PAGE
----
Water is a limited resource that we need to preserve. While concern for the environment is why some people try to save water at home, having a lower water bill is another motivating factor. Here are some tips to help conserve around your house.
1. Repair Plumbing Leaks to Save Water at Home
Leaky faucets and running toilets are wasteful. Plumbing leaks can be sneaky. A toilet that silently leaks from the tank to the bowl isn’t obvious. Putting a few drops of food coloring in the toilet tank is an easy test to discover such a leak. Wait for half an hour. If you see color in the bowl, the toilet is leaking. Repairing plumbing leaks is one way to save water.
2. Don’t Let the Faucet Run
People often let the faucet run while we perform routine tasks like face washing, shaving, teeth brushing, washing dishes, and handwashing. To conserve more water, turn off the faucet when it’s not necessary during these activities
3. Wash a Full Load
Wait until you have a full load of dishes or laundry before you turn on the dishwasher or washing machine. Running half of a load means you’ll need twice as much water to get the same amount of dishes or laundry clean.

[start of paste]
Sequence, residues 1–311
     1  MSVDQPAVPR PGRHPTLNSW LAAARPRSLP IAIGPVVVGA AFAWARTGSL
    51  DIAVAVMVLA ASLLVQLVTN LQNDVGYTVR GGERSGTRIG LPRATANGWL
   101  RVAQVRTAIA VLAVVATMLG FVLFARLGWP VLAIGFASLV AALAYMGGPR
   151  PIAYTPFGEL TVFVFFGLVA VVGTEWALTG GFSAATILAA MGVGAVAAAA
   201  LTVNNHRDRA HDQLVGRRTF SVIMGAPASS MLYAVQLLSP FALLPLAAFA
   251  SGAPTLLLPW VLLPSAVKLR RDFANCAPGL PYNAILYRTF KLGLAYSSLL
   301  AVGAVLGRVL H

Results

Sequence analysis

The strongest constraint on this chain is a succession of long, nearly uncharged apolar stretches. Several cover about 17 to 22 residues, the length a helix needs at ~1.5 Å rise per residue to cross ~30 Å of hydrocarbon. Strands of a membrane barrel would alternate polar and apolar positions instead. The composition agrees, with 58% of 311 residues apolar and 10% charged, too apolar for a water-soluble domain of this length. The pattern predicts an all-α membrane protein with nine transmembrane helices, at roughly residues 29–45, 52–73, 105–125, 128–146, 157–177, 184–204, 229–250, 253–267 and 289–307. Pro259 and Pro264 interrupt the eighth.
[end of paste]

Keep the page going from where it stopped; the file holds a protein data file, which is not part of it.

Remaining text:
4. Save Water at Home Outdoors
Lawn maintenance requires an enormous amount of water. Consider replacing your lawn with a garden of drought-tolerant plants that need to be watered less frequently than a grassy lawn. Installing a rain barrel to collect rainwater gives you a source of free water for your garden. When you’re cleaning up outside your home, use a broom or leaf blower instead of the garden hose to clean driveways, walkways, and patios.
5. Upgrade Appliances and Fixtures
Today’s high-efficiency washing machines and energy-efficient dishwashers use much less water than older models. If your toilet was installed before 1994, it probably uses 3.5 gallons per flush. Modern toilets with the EPA WaterSense label use no more than 1.28 gallons per flush. Faucet aerators and low-flow showerheads are inexpensive upgrades that also help save water at home.
6. Keep Track of Your Water Bill
Your monthly bill lists how much water your household uses during each billing period. If you notice a dramatic increase in the volume of water your household is using, address the issue. Has there been a lifestyle change that would explain the increase? If not, you probably have a plumbing leak to find and repair.
7. Change Your Bathing Habits
Showers use less water than filling the bathtub. Take fewer baths and shorter showers to save water at home. Set a timer to remind yourself that shower time is over.